I suppose it depends on what the person did and how long ago it happened. I have employed someone with a criminal record before - he had committed the offence when he was 18 years old and at the time I took him on he was almost 35, married with kids, etc. He had been refused lots of jobs because of his time in prison but he turned out to be an excellent employee. I think sometimes you have to accept that people make mistakes - particularly when they're younger - and this shouldn't necessarily condemn them to a lifetime of menial work.
1 person likes this
• United States
25 Apr 07
Thanks stiletto!
@clary21 (58)
• United States
24 Apr 07
I know after a certain amount of time (I think it's 7 years in Texas) you can have your records sealed. You can go to a law library and get the paperwork to do the legal proceedings yourself for a fraction of the cost to hire an attorney. For an example, an attorney might charge you $500.00 whereas you can do it yourself for a $28.00 filing fee. My son will be getting out of prison soon, and I am going to put him in business for himself running a landscaping crew. Also, I know the state workforce commisssion has a list of employers that will hire ex-felons. In Texas, it is called Project Rio or Reo. Yes, it is hard to find a job, and that is one reason many return to prison because they can't find any other means to survive and they have to go back to the criminal aspect and hope they don't get caught. Like another writer said, it is a catch 22!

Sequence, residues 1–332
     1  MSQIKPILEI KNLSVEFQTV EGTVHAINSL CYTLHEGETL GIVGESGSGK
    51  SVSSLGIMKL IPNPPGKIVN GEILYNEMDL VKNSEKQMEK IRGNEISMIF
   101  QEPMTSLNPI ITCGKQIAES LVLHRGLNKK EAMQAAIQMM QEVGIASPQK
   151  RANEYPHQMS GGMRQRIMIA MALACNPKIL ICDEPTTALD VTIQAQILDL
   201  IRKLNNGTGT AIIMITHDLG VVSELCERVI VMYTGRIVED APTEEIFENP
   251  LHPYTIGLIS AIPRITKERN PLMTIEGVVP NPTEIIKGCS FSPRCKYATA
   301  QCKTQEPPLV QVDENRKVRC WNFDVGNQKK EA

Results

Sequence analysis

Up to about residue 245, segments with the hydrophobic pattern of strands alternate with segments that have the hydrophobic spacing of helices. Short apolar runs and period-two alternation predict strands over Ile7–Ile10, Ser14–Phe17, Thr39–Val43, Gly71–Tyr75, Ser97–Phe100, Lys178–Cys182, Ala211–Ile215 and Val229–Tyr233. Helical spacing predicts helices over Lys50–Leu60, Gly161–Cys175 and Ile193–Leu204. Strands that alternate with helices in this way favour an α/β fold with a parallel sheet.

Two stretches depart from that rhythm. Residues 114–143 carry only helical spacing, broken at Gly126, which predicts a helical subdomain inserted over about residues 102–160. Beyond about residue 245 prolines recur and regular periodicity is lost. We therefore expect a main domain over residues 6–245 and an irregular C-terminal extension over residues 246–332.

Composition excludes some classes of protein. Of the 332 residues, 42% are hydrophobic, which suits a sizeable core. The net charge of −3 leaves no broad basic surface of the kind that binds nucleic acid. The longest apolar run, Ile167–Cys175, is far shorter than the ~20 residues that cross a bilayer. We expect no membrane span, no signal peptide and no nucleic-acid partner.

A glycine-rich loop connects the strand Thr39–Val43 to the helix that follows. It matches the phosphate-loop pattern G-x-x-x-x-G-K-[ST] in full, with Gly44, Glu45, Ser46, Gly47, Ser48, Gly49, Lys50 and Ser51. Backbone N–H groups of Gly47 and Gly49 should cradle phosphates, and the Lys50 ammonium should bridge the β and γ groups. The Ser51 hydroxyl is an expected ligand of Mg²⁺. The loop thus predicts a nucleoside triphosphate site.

1 person likes this
• United States
24 Apr 07
thanks for this info I will pass it on to my friends!
@cutepenguin (6458)
• Canada
24 Apr 07
It is a tricky thing. There are a lot of people looking for jobs right now, and so employers have choice. If an employer has two candidates, and they would both be good employees, but one has a felony record and the other doesn't, they'll probably choose the one that doesn't. It's too bad for your friends. What kind of jobs are they looking for?
1 person likes this
• United States
24 Apr 07
I think it depends on what the felony was for. I know some people who have "criminal mischief" on their records and it comes down to a lot of b.s. Obviously, if they've stolen money, then they shouldn't be working somewhere with access to money. If they have done something violent, I think they can still pose a danger as well. I think there should be programs to work with them, but it has to be done carefully. There's not enough rehabilitation and helping people ease back into society once they are out of jail and that's a worry.
1 person likes this